"Let us hold fast the confession of our hope without wavering,
for He who promised is faithful."
I was overcome with emotion this past Sunday.
For a year my Canon t5i sat on my dresser at my grandparents' house collecting dust. I brought it to Jared's last year where it then sat for another year in it's camera bag collecting dust. I just didn't have the will to use it...actually, I lacked the freedom.
When I was in elementary school, I am guessing around 9 years old, I remember walking out to my dad's car from my grandparents' house. He must have been picking me up for something. As I got into the car, I remember thanking my dad for something. My stepmom then replied with, "you only love your dad when he buys you things."
These words stung. My 9 year old self knew this wasn't true. But if someone else thought it, then maybe it was. I was too young to decipher what was truth and untruth. So there these words sat in the back of my mind for the next 18 years.
Truthfully, I was never able to let myself truly appreciate anything my dad bought me from that point on. Those words stuck to my heart and mind like glue. In my mind, if I enjoyed what my dad bought me, then that would reflect how I only loved him when he bought me things. I believed this to be the truth. The amount of guilt I felt when he bought me anything actually caused me anxiety. In fact, I feel anxiety right now as I write this about how I felt when he would buy me things.
My dad's main love language was without a doubt gifts. My dad struggled to be emotionally vulnerable, but he was always so good at making sure his family physically had everything they/we needed to be taken care of. Even though he would spend his Christmas Eve running around doing last minute shopping, he always made sure we all got that one big gift. And any little accessory that we could ever need or use to go with it. He was so thoughtful in that way. More than.
I do realize now how much I let guilt, or really fear, get in the way of truly appreciating the things he spent so much time and money on for me.
The list of things he bought me that I let sit for months, years, or still to this day goes on and on...an iPad that he bought me for my college graduation, a new cell phone that I held off activating as long as I could, a video camera, a blender for smoothies...
One year for Christmas of 2013 he bought me a 32 inch television for my bedroom. I specifically asked for one after he had asked me what I wanted for Christmas. But still, I let it sit in a box in my closet for over a year. I didn't feel safe enough to take it out and set it up until the very night in winter 2015 that he and my mom forgave each other. My parents' new sense of freedom had also given me freedom. I put on Silver Linings Playbook and sent my dad a photo.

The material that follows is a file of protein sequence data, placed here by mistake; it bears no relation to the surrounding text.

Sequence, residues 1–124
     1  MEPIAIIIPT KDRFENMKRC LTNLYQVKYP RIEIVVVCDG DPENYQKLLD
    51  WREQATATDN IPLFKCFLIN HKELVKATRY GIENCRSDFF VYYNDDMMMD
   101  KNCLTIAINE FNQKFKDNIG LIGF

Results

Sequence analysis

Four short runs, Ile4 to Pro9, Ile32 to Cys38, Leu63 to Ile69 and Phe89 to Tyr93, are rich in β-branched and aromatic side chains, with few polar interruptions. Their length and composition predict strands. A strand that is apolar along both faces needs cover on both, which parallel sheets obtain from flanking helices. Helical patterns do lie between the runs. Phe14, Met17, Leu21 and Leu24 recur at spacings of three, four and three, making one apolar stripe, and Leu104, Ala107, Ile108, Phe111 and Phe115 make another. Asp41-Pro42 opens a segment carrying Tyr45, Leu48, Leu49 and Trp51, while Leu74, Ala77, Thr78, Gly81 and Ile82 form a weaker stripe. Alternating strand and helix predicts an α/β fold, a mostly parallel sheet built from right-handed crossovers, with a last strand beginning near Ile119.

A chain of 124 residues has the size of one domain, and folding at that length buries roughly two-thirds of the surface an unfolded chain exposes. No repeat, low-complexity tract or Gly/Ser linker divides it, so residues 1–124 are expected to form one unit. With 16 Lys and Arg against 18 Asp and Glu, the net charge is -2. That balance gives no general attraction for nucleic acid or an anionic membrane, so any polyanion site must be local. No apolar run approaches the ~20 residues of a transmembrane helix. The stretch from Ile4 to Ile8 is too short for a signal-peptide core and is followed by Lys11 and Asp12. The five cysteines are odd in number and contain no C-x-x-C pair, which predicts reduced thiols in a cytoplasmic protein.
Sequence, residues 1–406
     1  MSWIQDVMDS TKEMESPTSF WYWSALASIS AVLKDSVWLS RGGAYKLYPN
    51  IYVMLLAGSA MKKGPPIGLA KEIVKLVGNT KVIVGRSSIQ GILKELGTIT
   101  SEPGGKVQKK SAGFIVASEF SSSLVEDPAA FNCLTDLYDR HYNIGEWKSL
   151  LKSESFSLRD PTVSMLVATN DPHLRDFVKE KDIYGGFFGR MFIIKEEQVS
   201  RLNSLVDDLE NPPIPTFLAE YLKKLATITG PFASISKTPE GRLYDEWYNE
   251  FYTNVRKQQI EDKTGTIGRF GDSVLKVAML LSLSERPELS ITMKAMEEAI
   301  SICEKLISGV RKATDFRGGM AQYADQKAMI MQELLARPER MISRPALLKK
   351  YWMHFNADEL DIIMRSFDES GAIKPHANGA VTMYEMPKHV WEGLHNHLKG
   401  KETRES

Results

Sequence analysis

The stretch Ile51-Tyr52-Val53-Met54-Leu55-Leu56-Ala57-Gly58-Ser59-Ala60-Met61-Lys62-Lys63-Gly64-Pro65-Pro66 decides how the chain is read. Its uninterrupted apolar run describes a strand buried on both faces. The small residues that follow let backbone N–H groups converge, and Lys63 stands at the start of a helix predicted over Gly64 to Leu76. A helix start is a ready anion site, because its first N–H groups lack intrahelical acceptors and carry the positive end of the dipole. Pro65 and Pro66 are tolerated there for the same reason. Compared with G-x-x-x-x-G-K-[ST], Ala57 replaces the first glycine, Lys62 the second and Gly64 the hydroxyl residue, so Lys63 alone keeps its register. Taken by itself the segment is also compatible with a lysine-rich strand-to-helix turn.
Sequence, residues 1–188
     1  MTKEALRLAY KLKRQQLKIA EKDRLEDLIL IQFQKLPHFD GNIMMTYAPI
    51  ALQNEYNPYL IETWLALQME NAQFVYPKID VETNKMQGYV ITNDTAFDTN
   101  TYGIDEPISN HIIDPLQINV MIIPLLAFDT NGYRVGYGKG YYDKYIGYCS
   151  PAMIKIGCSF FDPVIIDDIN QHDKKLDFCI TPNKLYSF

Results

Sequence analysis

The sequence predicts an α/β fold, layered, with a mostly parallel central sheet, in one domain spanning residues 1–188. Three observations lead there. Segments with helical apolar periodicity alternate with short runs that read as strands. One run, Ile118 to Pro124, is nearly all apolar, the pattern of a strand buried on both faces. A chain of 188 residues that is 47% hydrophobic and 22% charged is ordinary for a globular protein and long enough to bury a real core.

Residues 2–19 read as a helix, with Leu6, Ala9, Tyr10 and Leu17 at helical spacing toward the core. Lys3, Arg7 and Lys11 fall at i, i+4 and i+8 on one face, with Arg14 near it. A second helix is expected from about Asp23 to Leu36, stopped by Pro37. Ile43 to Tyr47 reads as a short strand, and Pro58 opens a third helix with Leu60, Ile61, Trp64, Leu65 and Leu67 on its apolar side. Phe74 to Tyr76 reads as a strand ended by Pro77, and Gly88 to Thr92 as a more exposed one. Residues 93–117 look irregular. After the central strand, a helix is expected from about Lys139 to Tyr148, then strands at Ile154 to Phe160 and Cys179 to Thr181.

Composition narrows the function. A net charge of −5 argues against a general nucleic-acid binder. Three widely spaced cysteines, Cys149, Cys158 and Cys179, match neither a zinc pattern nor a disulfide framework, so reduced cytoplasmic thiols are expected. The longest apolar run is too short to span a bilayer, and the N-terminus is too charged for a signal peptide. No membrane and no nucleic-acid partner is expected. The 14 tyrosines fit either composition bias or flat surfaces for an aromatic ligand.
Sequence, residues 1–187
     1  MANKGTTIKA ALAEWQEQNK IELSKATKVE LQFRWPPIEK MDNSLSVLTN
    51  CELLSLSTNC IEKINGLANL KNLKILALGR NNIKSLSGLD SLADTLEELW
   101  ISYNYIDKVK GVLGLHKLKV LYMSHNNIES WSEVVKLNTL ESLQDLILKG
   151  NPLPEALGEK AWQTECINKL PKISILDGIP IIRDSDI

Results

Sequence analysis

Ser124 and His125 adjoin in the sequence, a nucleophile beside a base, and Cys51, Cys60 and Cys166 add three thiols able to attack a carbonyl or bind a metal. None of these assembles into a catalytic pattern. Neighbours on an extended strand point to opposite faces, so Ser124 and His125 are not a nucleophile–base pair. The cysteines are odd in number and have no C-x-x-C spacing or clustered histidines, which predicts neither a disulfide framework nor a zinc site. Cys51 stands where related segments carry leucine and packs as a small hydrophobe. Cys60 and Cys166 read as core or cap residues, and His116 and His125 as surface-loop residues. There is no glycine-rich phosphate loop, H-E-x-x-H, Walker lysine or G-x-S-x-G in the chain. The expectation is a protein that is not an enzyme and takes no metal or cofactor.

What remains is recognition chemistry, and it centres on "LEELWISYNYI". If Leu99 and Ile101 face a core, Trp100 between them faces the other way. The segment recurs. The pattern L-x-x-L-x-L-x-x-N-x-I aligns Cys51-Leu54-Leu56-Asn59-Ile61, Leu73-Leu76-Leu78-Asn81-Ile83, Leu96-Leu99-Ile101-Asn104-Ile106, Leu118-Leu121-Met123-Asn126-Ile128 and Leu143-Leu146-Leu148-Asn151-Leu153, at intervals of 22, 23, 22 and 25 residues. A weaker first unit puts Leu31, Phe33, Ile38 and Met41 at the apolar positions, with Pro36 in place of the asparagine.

And of course, the most special gift I got from him that I always wanted - a nice camera. He bought it for me for our last Christmas together - 2015.
It had been a few months after his cancer diagnosis, so it was a very sad Christmas. I would say it was bittersweet, but it was more bitter than sweet. I made sure to spend the night on Christmas Eve, knowing it would be the last. It wouldn't be til months later that I would find out that he didn't even remember me staying the night and waking up with him, my siblings and stepmom.
I opened this beautiful camera Christmas morning and all of the accessories. It filled my heart with deep sorrow knowing this was the last thing he would probably ever get me. Not because I only loved him when he bought me things. But because I knew he loved buying me things.
Time passed after Christmas. My dad would periodically ask me how I liked my camera, if I was learning how to use it...or if I was using it at all... He wanted for me to enjoy it. I just couldn't let myself.
Once he passed away I couldn't even look at it. And it broke my heart that he left this earth before I could ever tell him how much I loved using it. Truthfully, I am still learning to.
In the end, I guess it is ironic that my dad's main love language was gifts. He is gone. But he left behind for me all these things he wanted so deeply for me to enjoy. And as time passes, I realize it more and more.
It wasn't until last week that I felt vulnerable enough to take my camera out of its bag and start reading the instruction manual. I posted a photo of this on Facebook and how the words "you only love your dad when he buys you things" really affected me. Someone commented and said, "don't let evil win".
After reading these words, I decided from that point on that I would not let fear or guilt rule my mindset when it comes to enjoying the gifts my dad bought me. These gifts are all I physically have left of him.
It has taken me almost 20 years to break this mindset, but I am being deliberate in breaking it. It is a process, and I am still learning.
My dad loved me. And I loved him. And he provided for me in the best way he knew how because he loved me. Because he delighted in me. It is okay to allow my heart to appreciate and enjoy every little thing he ever bought me.
And so I will.
My name is Christina. I am 29. This is my journey of faith and healing.